On topic, I really like the Silverstone SG09/10, but the killer for me is the front-mounted PSU. It's something that's always going to be humming away, and even a quiet PSU can be the most noisey part of a PC, especially at idle. Given a lot of smaller form factor PCs end up on desks or in living rooms, this seems like it could present a fairly significant disadvantage from a "live-ability" perspective. They are also not cheap. On the plus side, if you want to do compact SLI, it's hard to beat.
    If you aren't going to use a H100i, then the 250D kinda falls apart as a prospect imo. It's a system entirely designed around the notion that you'll use it in this configuration, it's the main USP. Without, it's just a very wide box.
    The Achilles heel of the Hadron is probably graphics card cooling. If you aren't overclocking then the Hydro version is pointless, and you should just go for the air version (the Hydro version is probably not too friendly to assemble either). If you do go for a Hadron, then it's a good idea to go for a reference-style cooler (ie not the ACX version) which will self-exhaust, and help a lot with the limited space in this area.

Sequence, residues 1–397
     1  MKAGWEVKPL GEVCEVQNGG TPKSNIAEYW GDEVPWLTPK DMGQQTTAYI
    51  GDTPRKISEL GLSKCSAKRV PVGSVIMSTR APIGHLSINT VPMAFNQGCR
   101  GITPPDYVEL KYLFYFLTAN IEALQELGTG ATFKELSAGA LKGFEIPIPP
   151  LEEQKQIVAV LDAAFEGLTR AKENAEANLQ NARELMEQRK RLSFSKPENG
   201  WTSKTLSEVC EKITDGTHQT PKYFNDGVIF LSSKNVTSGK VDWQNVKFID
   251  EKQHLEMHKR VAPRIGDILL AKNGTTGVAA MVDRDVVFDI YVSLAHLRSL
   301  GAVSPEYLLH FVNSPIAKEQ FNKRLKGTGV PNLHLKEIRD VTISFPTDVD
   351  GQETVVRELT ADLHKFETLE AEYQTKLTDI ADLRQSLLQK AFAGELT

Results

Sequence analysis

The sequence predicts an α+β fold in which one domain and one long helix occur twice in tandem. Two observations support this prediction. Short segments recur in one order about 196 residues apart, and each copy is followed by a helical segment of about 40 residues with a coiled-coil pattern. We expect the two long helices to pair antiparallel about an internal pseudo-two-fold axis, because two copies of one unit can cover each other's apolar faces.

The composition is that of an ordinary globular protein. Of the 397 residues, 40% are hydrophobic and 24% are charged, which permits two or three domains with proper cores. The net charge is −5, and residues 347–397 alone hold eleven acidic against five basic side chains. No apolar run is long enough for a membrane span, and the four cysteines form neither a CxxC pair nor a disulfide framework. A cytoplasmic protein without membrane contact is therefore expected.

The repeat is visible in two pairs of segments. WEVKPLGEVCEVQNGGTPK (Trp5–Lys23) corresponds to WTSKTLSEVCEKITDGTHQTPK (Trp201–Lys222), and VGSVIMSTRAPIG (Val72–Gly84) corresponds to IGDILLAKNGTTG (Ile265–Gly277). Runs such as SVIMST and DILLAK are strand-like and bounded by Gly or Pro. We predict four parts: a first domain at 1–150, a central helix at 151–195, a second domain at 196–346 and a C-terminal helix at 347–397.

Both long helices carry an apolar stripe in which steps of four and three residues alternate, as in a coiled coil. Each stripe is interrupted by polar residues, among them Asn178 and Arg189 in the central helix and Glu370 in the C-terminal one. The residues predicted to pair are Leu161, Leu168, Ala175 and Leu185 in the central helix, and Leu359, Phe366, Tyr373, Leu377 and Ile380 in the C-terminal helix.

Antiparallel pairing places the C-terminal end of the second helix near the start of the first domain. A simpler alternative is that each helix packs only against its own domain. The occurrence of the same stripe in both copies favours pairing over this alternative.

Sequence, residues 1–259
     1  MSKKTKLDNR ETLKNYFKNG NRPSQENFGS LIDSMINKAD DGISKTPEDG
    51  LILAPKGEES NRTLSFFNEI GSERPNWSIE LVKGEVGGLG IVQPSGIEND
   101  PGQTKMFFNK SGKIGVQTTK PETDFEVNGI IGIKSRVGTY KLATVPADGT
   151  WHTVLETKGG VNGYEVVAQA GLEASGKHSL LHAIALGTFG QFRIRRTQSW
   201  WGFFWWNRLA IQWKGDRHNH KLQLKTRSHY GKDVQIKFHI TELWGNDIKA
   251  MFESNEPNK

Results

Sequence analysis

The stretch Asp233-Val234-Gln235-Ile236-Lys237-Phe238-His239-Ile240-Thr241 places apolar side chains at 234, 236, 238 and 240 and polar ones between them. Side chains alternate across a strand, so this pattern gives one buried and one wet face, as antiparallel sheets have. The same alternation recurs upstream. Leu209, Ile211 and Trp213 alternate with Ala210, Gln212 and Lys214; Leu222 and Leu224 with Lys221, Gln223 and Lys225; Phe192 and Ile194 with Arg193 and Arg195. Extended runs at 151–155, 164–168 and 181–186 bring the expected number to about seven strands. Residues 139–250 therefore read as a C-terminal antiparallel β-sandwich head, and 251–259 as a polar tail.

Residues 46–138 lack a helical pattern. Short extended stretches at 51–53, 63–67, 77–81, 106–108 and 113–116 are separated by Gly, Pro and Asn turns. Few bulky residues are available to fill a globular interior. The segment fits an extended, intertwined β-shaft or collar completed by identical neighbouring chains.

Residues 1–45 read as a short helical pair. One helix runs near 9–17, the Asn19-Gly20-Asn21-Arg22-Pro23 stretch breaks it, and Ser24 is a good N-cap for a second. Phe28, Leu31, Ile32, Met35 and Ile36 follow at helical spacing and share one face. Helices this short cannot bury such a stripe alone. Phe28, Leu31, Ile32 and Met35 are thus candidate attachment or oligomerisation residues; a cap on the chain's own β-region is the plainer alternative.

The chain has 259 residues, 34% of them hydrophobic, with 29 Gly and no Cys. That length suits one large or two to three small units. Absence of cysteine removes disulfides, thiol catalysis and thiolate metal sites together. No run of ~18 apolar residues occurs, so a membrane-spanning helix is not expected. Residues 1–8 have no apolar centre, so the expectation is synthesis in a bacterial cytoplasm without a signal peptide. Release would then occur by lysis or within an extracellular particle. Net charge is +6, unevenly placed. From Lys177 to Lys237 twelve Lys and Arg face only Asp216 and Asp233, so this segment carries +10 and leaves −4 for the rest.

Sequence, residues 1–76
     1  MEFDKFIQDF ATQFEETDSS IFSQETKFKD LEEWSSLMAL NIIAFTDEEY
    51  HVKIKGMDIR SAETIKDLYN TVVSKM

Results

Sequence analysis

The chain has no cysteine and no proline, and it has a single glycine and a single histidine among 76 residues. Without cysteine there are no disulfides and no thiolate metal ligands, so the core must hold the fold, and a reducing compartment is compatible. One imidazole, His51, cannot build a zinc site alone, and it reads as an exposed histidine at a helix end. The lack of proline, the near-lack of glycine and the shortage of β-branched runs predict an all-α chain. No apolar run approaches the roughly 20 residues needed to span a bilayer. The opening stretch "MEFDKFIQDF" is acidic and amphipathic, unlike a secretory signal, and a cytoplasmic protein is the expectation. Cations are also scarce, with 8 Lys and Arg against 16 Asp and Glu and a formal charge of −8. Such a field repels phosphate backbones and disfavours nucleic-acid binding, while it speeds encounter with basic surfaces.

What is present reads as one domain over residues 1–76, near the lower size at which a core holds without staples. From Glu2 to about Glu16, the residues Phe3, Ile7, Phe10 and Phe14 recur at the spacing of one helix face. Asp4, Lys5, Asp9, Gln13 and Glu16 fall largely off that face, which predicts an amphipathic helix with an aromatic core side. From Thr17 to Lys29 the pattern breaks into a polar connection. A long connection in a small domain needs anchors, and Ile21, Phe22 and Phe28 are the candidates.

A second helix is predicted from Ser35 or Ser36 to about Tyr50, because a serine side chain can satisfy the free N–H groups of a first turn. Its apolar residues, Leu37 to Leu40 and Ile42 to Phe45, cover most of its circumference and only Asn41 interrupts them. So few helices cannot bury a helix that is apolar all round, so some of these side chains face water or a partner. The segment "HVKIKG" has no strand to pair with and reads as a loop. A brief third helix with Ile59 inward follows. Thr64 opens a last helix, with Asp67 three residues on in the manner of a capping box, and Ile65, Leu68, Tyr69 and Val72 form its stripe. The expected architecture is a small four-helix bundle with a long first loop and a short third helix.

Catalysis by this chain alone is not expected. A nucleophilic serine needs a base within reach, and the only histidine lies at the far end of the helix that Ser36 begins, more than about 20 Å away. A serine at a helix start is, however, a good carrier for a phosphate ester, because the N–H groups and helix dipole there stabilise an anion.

Personally, I think if you are going compact it's hard to beat the likes of the Node 304 or Coolermaster Elite 130 for performance and value respectively. If you haven't given them a look then it's certainly worth a glance.


    Hello,

    I found a few conflicting issues. The new Haswell Refresher i5-4690S is a low power CPU with TDP at 65 which is much lower than most CPUs that are usually at 80. So I'm not too worried about the CPU's heat, especially since I wont be overclocking. If i want something faster then i'd grab an E3 Xeon.

    I plan on using a low profile cooler regardless of which case I buy simply because it's quieter and more efficient than stock. Otherwise, I'd stick with stock.

    I completely agree on the fact that 250D is made to use the H100i hence why it's even larger than the SG09/10 mATX case.

    From what I've read from talking with Hadron and RVZ01 owners, I've been told that Hadron is much less efficient in cooling with air rather than the RVZ01. It's why I would either have to retrofit the Hadron Air with Noctua fans all over the case or just use EVGA's water cooling kit which is like $150. The RVZ01 can potential house a very small AIO, from what I saw and read on overclock forums, however it wasn't built to be water cooled. Water cooling can be much quieter which is a plus.

    I agree, refrence 'blower' cards are best for these little ITX (mATX if using SG09/10) cases.

    Thanks for your reflection.
  6. It's been a year exactly; I have a similar choice of system and I am wondering what you decided to go with in the end.. Thanks!